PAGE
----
Python becoming less Lisp-like

Kay Schluehr kay.schluehr at
Fri Mar 18 07:25:54 CET 2005

Paul Boddie wrote:

> The principal advantage of the property function was to permit the
> definition of "active" attributes without having a huge
> "if...elif...else" statement in the __getattr__ method. So the
> motivation was seemingly to externalize the usually simple logic in
> __getattr__ so that one could know a bit more about the supported
> properties of an object without having to read the source code.
> Java should be able to support Python-style properties by converting
> property accesses to accessor method calls before runtime, but with
> this capability within easy reach (and in all irony), the creators of
> the language instead decided to force programmers to explicitly call
> these rigidly-named methods, despite the raw property names actually
> being exposed to external tools like property editors, JavaServer
> Pages, and so on.

The accessor() was dedicated to someone in another newsgroup who came
from Java to Python and was annoyed by the _get, _set clutter which
reminds him to Java. He replaced property() alltogether by an own
construct. I wanted to convince him ( and also myself! ) that
property() can be customized for creating  accessors with very few

> [accessor code cut]
> > class X(object):
> >     a = accessor("a")
> >     b = accessor("b", types = (tuple,list))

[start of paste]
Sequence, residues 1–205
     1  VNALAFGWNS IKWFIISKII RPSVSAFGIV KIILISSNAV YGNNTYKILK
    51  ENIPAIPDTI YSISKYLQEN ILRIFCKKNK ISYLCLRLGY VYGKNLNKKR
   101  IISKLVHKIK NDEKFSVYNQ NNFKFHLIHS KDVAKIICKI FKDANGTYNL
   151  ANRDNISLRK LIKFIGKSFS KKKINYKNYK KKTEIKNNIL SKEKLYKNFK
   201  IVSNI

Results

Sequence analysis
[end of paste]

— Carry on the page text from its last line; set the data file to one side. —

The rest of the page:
> >     c = accessor("c", check = lambda x:hasattr(x,"__len__"))
> Hmmm, lambda!

Hi,Hi :)

This would not be much more code is even generic:

def are_attrs_present(*attrs):
    def check_for_attrs(x):
        return not False in [hasattr(x,attr) for attr in attrs]
    return check_for_attrs

class X(object):
     a = accessor("a")
     b = accessor("b", types = (tuple,list))
     c = accessor("c", check = are_attrs_present("__len__","__add__"))

>>> x = X()
>>> x.c = 0      # raise TypeError ...
>>> x.c = "ok"   # ok

> This is a nice example, but I do wonder why so many examples of
> Python's dynamicity, especially with many of the newer features, seek
> to provide static type checking or some other variant on that theme.
> It would be nice to see more work done at the level of the compiler
> achieve those kinds of goals.

The motto "changing everything any time" demands a complete flow
analysis if one wants to make the compiler doing the typechecks. Even
the PyPy team has struggling with type inference ( "annotation" ) for a
long time and has not yet finished. So everyone is adding an ad-hoc
typechecker which means that there is really a need and Guido is right
in proposing some "type guards" allthough this hurts again a lot of
souls as we can observe in this thread too. His current suggestions are
either too restricted for each of the peoples requirements (
isinstance-typechecking, duck-typechecking, adaption ) or it is overly
permissive and is in danger to mean everything and nothing. Not to
speak about performance gains doing typechecks at runtime :-(

Regards Kay

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